As the two climb higher up the mountain, Wei Yu begins teaching Ming in both his martial arts as well as the philosophy linked to them. He passes on the lessons taught to him by his master, Shen. The two are set upon by more of Hai Pan’s followers. Wei Yu cuts loose a chute of bamboo and uses it as a weapon to defeat them. He then stabs the sharpened wood into the mountainside. Taking more bamboo with him, he continues to plant the chutes into points in the mountain. Ming asks why but Wei Yu doesn’t tell her why exactly, only that she will understand eventually.

            Near the summit, the duo is confronted by Hai Pan himself. The madman gives up his mind and body to his master in an unholy rite. His mind shattered, the cultist transforms before their eyes. His limbs twist at unnatural angles and sickle like blades of bone sprout from his wrists and ankles. Hai Pan throws himself at Wei Yu. The fight is intense, with Wei Yu having difficulty countering the demon’s unearthly fighting style. Wei Yu’s sword is knocked out of his hand and it goes flying off the edge of the mountain. When it appears Wei Yu is finished, Ming flies into action. Though she doesn’t do any real harm, she distracts Hai Pan long enough for Wei Yu to kill Hai Pan with the last of his gathered bamboo spears. Ming begins to cry and Wei Yu brings her into a comforting hug. She asks him how he can be so courageous in the face of such powerful alien forces. Wei Yu tells her because he has faith that they are not more powerful than people can become. He tells her of how he saw his own master attain enlightenment and ascend beyond everything, even Mogwaithan.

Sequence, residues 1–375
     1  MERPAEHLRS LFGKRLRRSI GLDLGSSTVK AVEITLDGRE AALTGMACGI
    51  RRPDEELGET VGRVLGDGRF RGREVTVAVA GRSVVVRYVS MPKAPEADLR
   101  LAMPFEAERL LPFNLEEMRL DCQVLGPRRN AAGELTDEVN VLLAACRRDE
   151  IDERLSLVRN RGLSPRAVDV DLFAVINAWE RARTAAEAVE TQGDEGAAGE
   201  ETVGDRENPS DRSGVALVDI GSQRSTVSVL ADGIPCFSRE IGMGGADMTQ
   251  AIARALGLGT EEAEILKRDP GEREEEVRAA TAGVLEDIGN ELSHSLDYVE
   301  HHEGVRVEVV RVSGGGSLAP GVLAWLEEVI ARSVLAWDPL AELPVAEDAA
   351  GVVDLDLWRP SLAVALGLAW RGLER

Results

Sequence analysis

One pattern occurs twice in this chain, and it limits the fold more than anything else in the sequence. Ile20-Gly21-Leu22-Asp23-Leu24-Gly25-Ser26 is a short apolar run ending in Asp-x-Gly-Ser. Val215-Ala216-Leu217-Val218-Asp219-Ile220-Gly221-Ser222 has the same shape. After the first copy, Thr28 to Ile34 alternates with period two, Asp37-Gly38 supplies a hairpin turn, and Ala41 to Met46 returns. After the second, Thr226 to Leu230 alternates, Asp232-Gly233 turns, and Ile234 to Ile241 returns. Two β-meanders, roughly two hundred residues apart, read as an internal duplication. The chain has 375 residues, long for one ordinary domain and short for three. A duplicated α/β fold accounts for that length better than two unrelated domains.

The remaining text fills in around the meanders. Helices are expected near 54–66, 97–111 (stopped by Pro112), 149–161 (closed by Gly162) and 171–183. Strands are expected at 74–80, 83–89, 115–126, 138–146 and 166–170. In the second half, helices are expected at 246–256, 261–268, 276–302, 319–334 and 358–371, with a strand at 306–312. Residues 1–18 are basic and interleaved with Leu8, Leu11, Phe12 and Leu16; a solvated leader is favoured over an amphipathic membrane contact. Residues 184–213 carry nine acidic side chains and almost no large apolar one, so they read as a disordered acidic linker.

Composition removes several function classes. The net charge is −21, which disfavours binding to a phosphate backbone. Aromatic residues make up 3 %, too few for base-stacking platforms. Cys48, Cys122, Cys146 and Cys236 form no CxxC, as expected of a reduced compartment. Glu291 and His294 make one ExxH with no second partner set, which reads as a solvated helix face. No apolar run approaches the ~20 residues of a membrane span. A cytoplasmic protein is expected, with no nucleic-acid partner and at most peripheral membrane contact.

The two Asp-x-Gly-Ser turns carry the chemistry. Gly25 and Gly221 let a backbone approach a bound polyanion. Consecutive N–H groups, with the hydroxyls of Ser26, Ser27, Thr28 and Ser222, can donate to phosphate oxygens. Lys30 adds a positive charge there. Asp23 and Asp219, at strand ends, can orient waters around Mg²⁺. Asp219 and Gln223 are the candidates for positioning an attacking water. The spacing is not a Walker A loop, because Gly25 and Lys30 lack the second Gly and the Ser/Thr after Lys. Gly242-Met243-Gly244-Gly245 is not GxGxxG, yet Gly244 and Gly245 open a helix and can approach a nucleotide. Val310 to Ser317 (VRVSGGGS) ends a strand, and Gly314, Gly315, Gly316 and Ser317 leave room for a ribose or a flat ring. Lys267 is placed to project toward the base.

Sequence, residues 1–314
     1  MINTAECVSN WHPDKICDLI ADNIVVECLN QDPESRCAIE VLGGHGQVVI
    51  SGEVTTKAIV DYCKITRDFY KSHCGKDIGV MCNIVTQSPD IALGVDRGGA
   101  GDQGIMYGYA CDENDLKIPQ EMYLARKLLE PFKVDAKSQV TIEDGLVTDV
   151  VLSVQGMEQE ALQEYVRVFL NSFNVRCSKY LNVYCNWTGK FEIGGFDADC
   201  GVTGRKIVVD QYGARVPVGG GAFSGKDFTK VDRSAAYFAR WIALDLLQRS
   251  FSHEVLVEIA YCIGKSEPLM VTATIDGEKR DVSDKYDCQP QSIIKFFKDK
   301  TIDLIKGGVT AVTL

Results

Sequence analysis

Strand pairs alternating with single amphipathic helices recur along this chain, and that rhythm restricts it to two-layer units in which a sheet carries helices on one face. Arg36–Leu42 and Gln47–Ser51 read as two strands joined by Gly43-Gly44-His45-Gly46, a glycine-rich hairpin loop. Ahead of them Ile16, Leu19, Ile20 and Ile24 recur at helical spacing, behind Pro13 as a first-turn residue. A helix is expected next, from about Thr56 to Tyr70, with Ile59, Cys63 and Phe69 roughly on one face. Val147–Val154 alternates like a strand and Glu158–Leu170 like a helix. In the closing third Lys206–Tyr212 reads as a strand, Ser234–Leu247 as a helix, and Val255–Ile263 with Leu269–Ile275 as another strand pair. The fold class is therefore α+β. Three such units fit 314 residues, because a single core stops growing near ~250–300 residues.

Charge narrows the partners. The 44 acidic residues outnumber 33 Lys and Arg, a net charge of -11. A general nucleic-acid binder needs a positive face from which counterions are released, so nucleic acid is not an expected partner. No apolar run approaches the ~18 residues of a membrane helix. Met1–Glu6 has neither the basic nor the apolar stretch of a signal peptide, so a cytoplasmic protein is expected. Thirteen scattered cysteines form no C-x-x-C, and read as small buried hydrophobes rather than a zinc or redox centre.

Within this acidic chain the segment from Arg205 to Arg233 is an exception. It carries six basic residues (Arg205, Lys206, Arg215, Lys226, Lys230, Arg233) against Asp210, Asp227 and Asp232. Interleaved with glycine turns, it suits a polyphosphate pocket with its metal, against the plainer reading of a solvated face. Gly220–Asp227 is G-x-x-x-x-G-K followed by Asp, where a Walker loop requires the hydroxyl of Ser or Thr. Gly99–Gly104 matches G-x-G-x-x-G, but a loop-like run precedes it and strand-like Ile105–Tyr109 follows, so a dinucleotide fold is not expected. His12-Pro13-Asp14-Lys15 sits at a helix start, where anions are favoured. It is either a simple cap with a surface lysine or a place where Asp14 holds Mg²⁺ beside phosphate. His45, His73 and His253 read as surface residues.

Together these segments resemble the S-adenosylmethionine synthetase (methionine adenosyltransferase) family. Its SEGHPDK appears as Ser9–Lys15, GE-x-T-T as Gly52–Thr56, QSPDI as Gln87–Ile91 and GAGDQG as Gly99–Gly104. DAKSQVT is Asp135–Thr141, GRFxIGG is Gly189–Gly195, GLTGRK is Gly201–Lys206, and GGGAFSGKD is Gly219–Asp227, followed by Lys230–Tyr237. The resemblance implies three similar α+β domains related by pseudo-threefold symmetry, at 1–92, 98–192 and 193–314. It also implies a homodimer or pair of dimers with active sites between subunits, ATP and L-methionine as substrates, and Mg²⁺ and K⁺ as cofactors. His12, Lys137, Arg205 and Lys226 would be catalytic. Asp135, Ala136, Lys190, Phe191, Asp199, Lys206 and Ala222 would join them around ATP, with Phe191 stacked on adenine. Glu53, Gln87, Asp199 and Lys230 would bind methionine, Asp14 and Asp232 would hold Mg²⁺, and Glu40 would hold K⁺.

The master and student at last reach the peak of the mountain. Wei Yu instructs Ming to meditate at a very precise location and to not stop until he says it’s okay, no matter what. Wei Yu then begins to meditate himself, while simultaneously going through his forms. Mogwaithan then appears before him in his mind’s eye. It tells Wei Yu that his struggle is meaningless, that whether or not he attains enlightenment he will still exist in its domain. That human existence is an accident, devoid of purpose as well as consequence. Wei Yu says nothing during all of this but continues to go through his stances. As he does though, for every powerful stomp, the mountain shakes just a little and it’s getting louder.

            The bamboo chutes are acting like acupuncture needles. Wei Yu’s strategic stomping is acting as the last straw that breaks the camel’s back. Mogwaithan realizes too late what’s happening and tries to bargain with Wei Yu, offering him women, wealth, and power. Wei Yu follows through with a mighty punch to the very crown of the mountain. A massive avalanche occurs as the rocky exterior of the mountain crumbles away, crushing the village below and leaving a smooth plateau. Ming is then told to open her eyes. She is upon a raised steppe of the plateau and a ghostly apparition of Wei Yu appears before her, having plummeted to his physical death. Before his ascension, he instructs his disciple to go and find another to teach as his master taught him, and he taught her.

The End